Bang Data – La Sopa (Rockolito Music, 2012)
Bayonics – Mission Statement (Bayonics, 2012)
Congo Sanchez – Vol. 1 (ESL Music, 2012)
Brownout – Oozy (Nat Geo Music, 2012)
These days you can have your Latin music seasoned any number of ways. Electronic beats embellish Afro-Cuban rhythms, funk and rock fortify Spanish-accented horns and guitars, dance moves range from sweat inducing to pre-chilled. These four current releases might not be as readily filed under “Latin” as, say, your average salsa album, but the Latin vibe is there whether directly so or not.
La Sopa (“The Soup”) is the full-length debut by Bay Area duo Bang Data, and the combination of vocalist Deuce Eclipse and instrumentalist/beat constructor Manuel Caipo makes for a fun and loose mash of organic and mechanized Latin beats, high and lo-fi production and patchwork tracks that mix singing and rapping. Not particularly groundbreaking, but consistently infectious and sure to keep dancers in motion. Plus there are guest contributions by the likes of Santana percussionist Karl Perrazzo and Afro-Peruvian vocalist Eva Ayllon that add class.
Also from San Francisco, Bayonics is a 10-piece outfit that mixes Latin rhythms with funk, hip hop and a bit of jazz. They’re just as handy with downtempo subtleties as they are with full-on jams, and though the skills of the horn and rhythm sections often take a back seat to the vocals (again a balance of singing and rapping), the band chugs along with more than enough variety and energy to satisfy many a mind and body.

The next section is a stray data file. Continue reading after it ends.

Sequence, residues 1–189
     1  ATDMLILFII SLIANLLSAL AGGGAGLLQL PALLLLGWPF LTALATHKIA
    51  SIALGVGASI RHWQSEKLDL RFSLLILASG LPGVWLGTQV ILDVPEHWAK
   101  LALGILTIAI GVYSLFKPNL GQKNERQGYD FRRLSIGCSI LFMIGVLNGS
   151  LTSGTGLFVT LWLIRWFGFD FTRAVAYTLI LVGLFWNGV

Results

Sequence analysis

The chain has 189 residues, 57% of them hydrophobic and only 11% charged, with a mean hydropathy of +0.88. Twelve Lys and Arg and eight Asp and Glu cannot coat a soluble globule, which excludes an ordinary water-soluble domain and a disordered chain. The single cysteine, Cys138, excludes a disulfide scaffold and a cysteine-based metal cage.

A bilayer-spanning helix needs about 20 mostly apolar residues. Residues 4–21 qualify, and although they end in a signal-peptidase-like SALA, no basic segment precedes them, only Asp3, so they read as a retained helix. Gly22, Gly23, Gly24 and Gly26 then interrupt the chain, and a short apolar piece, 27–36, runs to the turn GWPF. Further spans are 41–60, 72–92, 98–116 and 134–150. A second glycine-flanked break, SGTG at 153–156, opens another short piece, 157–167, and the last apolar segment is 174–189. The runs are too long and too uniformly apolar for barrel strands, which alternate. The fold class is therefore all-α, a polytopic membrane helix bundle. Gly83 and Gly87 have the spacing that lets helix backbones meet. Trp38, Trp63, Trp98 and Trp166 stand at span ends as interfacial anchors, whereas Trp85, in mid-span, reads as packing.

Taking a big jump east to Washington D.C., we find instrumentalist and producer Congo Sanchez, whose skills have enriched the sounds of such bands as the Funk Ark and Thievery Corporation. His own solo debut is only a 4-song EP, but it’s a mighty good sampler of what the man can do sonically. Afrobeat-style grooves, dubby effects, live percussion and understated melodies combine for a short but extraordinarily sweet musical ride. I seldom recommend recordings that aren’t full length, but Congo Sanchez’s Vol. 1 is an exceptionally good sampler by a man I want to hear more of. And cheers for his use of Fela Kuti’s spoken voice on “Democrazy.”
Austin-based Brownout, spinoff band of Grupo Fantasma, is back with their latest, Oozy. And ooze it does, with gobs of great analog Latin funk and not a drum machine in sight. A fair number of soul, psychedelic and R&B moments are part of this group’s appeal as well, and their lineup of sparring guitars, bass, drums, congas and horns (plus a few add-ons of organ, harp and violin) handles everything from the all-out dancefloor assault of “Andy Y Dando” to the moody, broody “I Won’t Lie” and the stinging Afro-gumbo of “Meter Beater.”
Guitars and horns build ever higher walls of spaced sound over the granite-solid rhythm section, occasional group vocals chime in to further fire things up, and the whole thing blazes with unfaltering power and casually superb playing. Get it.
Author: Tom Orr
Tom Orr is a California-based writer whose talent and mental
stability are of an equally questionable nature. His hobbies include
ignoring trends, striking dramatic poses in front of his ever-tolerant
wife and watching helplessly as his kids surpass him in all desirable